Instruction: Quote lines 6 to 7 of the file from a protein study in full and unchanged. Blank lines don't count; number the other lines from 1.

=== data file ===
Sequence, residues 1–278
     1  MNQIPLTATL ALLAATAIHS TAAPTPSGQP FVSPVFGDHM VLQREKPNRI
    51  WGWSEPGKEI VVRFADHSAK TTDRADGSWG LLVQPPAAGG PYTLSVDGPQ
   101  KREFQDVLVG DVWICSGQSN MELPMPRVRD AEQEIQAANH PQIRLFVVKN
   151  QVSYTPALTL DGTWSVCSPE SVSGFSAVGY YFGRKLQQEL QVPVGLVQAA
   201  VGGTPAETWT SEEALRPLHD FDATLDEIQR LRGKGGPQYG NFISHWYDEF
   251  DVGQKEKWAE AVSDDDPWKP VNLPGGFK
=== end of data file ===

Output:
   201  VGGTPAETWT SEEALRPLHD FDATLDEIQR LRGKGGPQYG NFISHWYDEF
   251  DVGQKEKWAE AVSDDDPWKP VNLPGGFK